Russia has recently enacted a law that bans the advertising of alcohol beverages, beer and beer-containing drinks, as well as tobacco, tobacco products and smoking accessories. Traditionally, producers already look for loopholes in the law, whereas experts openly question the connection between advertising and bad habits of the population.
The new law that bans the advertising of alcohol products on the Internet and television came into effect on July 23, 2012 in Russia. Under the federal law No. 218 from July 18, 2011, the advertising of alcoholic beverages, including beer, was banned on the websites registered as mass media.
For the time being, advertising of alcohol beverages should not be placed on the first and the last pages of newspapers, on magazine covers, in television and radio programs, as well as in print publications, audio and video products for juvenile audiences.
According to the authors of the legislative initiative, "the main purpose of the bill is to create the conditions preventing the consumption of alcohol, including beer, by young people. The adoption of the federal law does not require modification or adoption of other acts of the federal legislation."
The move followed the decision to equalize beer to alcohol. According to experts, advertisers try to get around the ban by advertising non-alcohol beer.
But according to paragraph 3 of Part 2 of Art. 5 of the Law "On advertising", which "recognizes as unfair the advertising of a product the advertising of which is banned thereof at this time or in this place, if it is carried out under the guise of the advertising of another product, the trademark or service mark of which is identical or similar to the point of confusion with the trademark or service mark of the product," manufacturers will not be able to use this loophole for a long time.
Accordingly, if a television commercial of non-alcoholic beer displays a trademark that without limitation individualizes alcoholic beer, the name of the seller or the manufacturer of non-alcoholic beer, which also acts as the producer of alcoholic beer, and if the commercial ad does not say that the object of advertising is non-alcoholic beer, such advertising can be considered inappropriate.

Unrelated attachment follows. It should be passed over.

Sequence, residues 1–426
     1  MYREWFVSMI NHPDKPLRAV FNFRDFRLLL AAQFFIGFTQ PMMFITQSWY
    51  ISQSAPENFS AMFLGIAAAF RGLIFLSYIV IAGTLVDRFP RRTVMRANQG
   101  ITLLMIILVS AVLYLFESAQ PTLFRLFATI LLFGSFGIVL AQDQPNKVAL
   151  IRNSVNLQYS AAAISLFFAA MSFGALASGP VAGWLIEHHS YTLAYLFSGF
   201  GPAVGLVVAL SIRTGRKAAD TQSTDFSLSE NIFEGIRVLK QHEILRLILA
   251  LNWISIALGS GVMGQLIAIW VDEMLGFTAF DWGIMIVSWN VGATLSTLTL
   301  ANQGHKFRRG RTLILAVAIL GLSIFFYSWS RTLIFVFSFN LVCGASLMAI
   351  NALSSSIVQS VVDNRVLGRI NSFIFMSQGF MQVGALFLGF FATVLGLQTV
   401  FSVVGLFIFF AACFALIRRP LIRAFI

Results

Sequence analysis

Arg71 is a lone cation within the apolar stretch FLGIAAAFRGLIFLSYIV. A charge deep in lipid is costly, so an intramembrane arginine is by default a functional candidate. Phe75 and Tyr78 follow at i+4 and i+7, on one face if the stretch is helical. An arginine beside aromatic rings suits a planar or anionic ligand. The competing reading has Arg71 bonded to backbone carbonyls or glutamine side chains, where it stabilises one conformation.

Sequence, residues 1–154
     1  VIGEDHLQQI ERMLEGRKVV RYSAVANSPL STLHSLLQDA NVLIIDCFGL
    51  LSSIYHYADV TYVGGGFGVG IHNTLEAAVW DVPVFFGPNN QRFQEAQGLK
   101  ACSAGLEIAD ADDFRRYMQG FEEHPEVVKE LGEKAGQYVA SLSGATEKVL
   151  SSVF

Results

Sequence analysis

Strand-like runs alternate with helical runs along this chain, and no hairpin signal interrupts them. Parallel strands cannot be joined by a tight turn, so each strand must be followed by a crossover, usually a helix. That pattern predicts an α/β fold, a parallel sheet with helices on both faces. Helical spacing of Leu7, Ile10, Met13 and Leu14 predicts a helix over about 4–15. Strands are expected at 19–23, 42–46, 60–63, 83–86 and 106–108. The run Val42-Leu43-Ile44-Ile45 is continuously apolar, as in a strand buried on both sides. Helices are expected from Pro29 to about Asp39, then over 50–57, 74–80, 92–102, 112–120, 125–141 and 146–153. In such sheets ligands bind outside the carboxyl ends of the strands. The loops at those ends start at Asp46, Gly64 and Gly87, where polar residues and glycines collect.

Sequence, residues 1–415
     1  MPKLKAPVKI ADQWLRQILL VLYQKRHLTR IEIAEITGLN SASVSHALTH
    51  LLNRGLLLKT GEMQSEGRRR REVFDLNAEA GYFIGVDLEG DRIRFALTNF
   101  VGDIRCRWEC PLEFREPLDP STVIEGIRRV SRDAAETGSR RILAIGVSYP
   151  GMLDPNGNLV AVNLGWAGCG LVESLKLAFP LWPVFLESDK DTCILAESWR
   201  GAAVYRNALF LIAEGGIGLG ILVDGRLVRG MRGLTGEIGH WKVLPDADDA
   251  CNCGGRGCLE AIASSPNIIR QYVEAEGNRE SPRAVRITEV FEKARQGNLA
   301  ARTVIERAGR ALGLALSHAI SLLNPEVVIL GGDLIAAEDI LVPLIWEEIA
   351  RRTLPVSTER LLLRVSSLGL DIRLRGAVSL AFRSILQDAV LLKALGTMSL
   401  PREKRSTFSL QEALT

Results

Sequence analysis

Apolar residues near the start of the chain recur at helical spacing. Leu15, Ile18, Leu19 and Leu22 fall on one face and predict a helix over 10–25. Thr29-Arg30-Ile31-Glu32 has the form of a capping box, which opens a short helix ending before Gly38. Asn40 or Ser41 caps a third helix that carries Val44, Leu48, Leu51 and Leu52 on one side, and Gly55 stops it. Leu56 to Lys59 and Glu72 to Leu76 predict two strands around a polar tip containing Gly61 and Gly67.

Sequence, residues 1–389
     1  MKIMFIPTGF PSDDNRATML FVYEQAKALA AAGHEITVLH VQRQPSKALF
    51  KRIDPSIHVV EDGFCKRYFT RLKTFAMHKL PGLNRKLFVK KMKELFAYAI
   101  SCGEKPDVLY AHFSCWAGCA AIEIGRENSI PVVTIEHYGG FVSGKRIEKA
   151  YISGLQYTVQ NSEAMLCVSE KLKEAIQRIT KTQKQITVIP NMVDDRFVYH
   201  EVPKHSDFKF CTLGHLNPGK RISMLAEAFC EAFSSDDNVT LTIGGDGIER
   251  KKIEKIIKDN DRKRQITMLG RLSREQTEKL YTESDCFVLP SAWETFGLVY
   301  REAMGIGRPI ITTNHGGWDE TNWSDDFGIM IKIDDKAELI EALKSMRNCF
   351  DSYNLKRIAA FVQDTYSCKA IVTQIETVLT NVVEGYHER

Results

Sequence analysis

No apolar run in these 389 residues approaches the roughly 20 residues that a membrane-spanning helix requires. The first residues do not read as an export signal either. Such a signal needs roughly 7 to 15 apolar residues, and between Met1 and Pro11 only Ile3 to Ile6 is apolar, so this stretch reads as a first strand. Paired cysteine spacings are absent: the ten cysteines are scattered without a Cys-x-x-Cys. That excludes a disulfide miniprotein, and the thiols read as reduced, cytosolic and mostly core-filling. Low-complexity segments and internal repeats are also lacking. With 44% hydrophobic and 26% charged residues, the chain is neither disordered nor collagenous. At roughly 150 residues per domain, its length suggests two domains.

Marina Petrukhina, an expert with the Council on excise policy for the committee on budget and taxes of the State Duma of the Russian Federation, said that the ban on alcohol advertising could only be seen as a very small step in the fight against alcoholism among the population: "The point here is perhaps to attract attention to the problems of the Russian people with alcohol. Obviously, this step will not change the situation in the country. The ban on alcohol advertising in relation to the society does not affect anything, if the state does nothing else. The image of activity is created, but in reality the situation does not get better. Advertising will become more sophisticated, but sales volumes will not be affected."
Perhaps the only thing that the new law will soon affect is advertising budgets of online media. Manufacturers will have to invest funds in another direction and look for other ways to promote their goods, develop entirely new strategies.
"Business is business. It means to seek new ways of development, look for the way to reach end users and earn money. It is the government that needs to struggle with alcoholism in the country by creating conditions for normal life and realizing the potential in the country where positive atmosphere should prevail. This is a future matter. In the meantime, we will not have massive advertising of alcohol, that's all," says Marina Petrukhina.
Russian Foreign Minister Sergei Lavrov stated that Vladimir Putin and Donald Trump, as well as the military of the two countries, will never let a military confrontation spark, but...
An attack is under way against the truth-seeking social media practising data democracy. What is unacceptable is that the liars accuse the truthseekers of lying
On April 20, Russian Foreign Minister Sergei Lavrov confirmed that Russia could supply air defense systems to Syria